10 thoughts on “Doctors And Guns

  1. Gregg

    As Paul says….

    If the socialist gun-grabbers want to claim that doctors can and should ask their patients about gun ownership as a feature of medicine, then the doctor-patient confidentiality rule immediately applies and the doctor can not and should not report the answer to anyone.

    1. Larry J

      Except that the government always grants itself exemption from those rules. If the doctor is required to ask those questions, then he or she will be required to document the response in those mandated electronic medical records. Does anyone honestly believe the government will restrict its own access to that data due to HIPPA or other medical privacy regulations?

      If asked, the proper response is “That’s none of your damned business. Next question.” It’s like my approach to those racist “Specify your race” questions. I select “other” and write in “human.” Just because they ask a question, it doesn’t mean they deserve an answer of their liking.

      1. Gregg

        Larry,

        The government has no such power and it should be clamped. But I realize that with this crowd that’s wishful thinking.

        1. Larry J

          The government exempts itself from the law as standard operating procedure. Do you think any corporation in America could run its accounting the way the government does? If any insurance company tried to operate like Social Security, the officers would be in prison. The same applies to elected officials – they exempt themselves from as many of the laws they pass as possible because they can. Examples include insider trading laws, laws for dealing with employees, bribery (call them campaign contributions and they’re perfectly legal), ObamaCare and Social Security.

          As medical data migrates from paper to electronic means, the government will have access “for research purposes” and other made-up reasons. I’ll give you 1000:1 odds on that.

          1. Gregg

            Larry,

            I think you misunderstand me: I’m agreeing with you ;)

            It’s just that I believe government’s self-exemption is wrong and unconstitutional, and therefore illegal.

          2. Larry J

            It’s just that I believe government’s self-exemption is wrong and unconstitutional, and therefore illegal.

            The Constitution only means whatever you can get 5 or more Supreme Court justices to say it means. The odious Kelo decision is but one example of that.

            I think the most radical act you could possibly do would be to force the government to live under the same laws, regulations and constraints that it puts on everyone else. You’d see whole cohorts of politicians and bureaucrats being frog-marched to prison and we’d be better off for it. That’s why – short of a revolution – it’ll never happen.

  2. Paul Milenkovic

    Maybe the Roman Catholic Sacrament of Reconciliation is the only redoubt of an absolute confidentiality rule? Or maybe what is said between spouses, but your spouse hasn’t taken an oath to that effect.

    There is an attorney-client confidentiality, but your attorney is legally and ethically bound to make certain evidentiary disclosures, just as the prosecuter is not allowed to keep a lid on potentially exculpatory evidence, althought there are suggestions that prosecutors have done just that and gotten away with it. Not to mention unscrupulous defense attorneys regarding incriminating evidence, but such can get a lawyer up on charges.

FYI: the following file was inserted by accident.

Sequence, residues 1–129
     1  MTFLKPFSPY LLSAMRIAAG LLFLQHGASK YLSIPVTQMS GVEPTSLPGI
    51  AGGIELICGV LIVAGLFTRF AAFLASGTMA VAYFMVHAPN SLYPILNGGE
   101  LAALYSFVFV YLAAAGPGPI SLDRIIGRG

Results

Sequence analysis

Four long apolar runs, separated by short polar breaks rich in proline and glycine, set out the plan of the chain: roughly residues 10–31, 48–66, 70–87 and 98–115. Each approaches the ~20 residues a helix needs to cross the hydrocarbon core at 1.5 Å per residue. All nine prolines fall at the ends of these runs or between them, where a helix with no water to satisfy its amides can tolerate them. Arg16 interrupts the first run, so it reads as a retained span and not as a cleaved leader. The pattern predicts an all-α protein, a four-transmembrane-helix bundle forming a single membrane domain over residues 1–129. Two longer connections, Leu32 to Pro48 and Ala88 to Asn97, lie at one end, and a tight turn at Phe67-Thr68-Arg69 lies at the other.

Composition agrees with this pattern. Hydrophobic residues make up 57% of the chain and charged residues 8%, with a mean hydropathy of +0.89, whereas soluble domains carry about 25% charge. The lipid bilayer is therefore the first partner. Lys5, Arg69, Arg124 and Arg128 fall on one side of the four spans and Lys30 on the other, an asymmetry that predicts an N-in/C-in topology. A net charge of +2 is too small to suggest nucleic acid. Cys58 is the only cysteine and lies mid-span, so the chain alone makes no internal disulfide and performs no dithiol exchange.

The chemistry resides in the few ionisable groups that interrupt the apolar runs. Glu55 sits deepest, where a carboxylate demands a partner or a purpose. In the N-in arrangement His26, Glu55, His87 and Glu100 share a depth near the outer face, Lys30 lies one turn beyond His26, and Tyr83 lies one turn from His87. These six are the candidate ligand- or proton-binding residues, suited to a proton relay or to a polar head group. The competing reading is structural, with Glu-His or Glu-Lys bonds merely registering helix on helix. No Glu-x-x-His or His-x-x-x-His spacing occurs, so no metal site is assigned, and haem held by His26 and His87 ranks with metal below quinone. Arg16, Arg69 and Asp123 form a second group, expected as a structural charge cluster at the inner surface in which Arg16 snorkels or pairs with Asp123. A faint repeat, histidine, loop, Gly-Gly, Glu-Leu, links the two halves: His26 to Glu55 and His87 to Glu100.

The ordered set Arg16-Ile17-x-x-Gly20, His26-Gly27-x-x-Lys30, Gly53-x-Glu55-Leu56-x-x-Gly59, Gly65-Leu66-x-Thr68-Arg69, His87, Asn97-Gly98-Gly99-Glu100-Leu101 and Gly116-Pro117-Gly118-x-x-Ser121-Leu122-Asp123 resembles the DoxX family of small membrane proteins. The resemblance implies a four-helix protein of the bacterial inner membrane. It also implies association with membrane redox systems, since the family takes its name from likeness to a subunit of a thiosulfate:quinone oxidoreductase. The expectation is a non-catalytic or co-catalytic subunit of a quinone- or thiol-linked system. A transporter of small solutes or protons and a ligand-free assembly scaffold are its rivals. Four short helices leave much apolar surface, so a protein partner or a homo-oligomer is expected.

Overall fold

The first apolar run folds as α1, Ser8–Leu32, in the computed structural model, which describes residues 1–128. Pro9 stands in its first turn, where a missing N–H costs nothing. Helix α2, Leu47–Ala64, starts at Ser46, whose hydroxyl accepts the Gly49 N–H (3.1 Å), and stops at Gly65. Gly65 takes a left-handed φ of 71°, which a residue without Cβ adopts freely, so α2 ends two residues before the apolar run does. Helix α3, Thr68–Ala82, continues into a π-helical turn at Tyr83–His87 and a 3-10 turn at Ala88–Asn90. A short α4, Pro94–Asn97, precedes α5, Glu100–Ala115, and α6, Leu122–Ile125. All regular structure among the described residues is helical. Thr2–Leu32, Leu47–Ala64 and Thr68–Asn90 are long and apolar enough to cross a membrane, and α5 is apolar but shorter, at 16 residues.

There is doctor-patient confidentiality, but I have the impression that a counseling theraptist or a physician can, will, and shall report to authorities if you disclose certain thoughts indicating a threat to the safety of yourself and indeed others.

    1. Gregg

      Paul,

      The article covered this. Sure if there is a real possibility of a threat to others the doc t=can talk and I have no problem with that.

      I have a real problem with violation of d/p confidentiality when there is no real threat. Otherwise we might as well report that the patient has steak knives, hammers, rope, and fertilizer.

  3. Arizona CJ

    In the UK, they are seriously talking about licensing kitchen knives. (they already require a license for a TV set). So, I can see that they might have docs asking about knife ownership as well. Or as Gregg says, hammers, rope, etc.

    And let’s not forget all those people who presently have access to another deadly weapon, rocks.

    If my doctor asked me questions about guns, my response won’t be “none of your business”. It’ll be “You’re fired”, then “for asking questions that are none of your damn business”.

    BTW, I put “Human” as my race on the census too. I encourage others to do likewise.

  4. Der Schtumpy

    My primary care doc knows I carry. They have no anti-gun stickers on the building they are in, or on their office door either. He told me, when I asked on my first visit after receiving my CCH, that he had no problem with guns. His father was career Army and the doc regularly shoots his own guns. He’s fairly conservative and is not an Obama supporter at all.

    That’s a doctor who will fight against ‘mandatory’ reporting.

Comments are closed.